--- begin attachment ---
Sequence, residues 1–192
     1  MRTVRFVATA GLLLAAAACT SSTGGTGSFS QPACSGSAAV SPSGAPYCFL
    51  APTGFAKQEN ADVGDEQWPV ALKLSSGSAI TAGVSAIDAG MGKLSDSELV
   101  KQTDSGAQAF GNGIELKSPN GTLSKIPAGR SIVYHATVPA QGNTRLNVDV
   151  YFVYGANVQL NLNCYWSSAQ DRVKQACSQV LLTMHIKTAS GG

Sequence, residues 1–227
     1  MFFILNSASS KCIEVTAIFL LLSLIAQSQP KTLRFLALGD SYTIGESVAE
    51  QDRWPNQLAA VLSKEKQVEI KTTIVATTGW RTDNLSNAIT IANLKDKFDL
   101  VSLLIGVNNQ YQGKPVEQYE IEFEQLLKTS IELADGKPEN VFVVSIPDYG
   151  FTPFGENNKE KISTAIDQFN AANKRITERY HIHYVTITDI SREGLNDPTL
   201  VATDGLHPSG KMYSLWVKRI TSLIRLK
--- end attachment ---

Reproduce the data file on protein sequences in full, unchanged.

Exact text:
Sequence, residues 1–192
     1  MRTVRFVATA GLLLAAAACT SSTGGTGSFS QPACSGSAAV SPSGAPYCFL
    51  APTGFAKQEN ADVGDEQWPV ALKLSSGSAI TAGVSAIDAG MGKLSDSELV
   101  KQTDSGAQAF GNGIELKSPN GTLSKIPAGR SIVYHATVPA QGNTRLNVDV
   151  YFVYGANVQL NLNCYWSSAQ DRVKQACSQV LLTMHIKTAS GG

Sequence, residues 1–227
     1  MFFILNSASS KCIEVTAIFL LLSLIAQSQP KTLRFLALGD SYTIGESVAE
    51  QDRWPNQLAA VLSKEKQVEI KTTIVATTGW RTDNLSNAIT IANLKDKFDL
   101  VSLLIGVNNQ YQGKPVEQYE IEFEQLLKTS IELADGKPEN VFVVSIPDYG
   151  FTPFGENNKE KISTAIDQFN AANKRITERY HIHYVTITDI SREGLNDPTL
   201  VATDGLHPSG KMYSLWVKRI TSLIRLK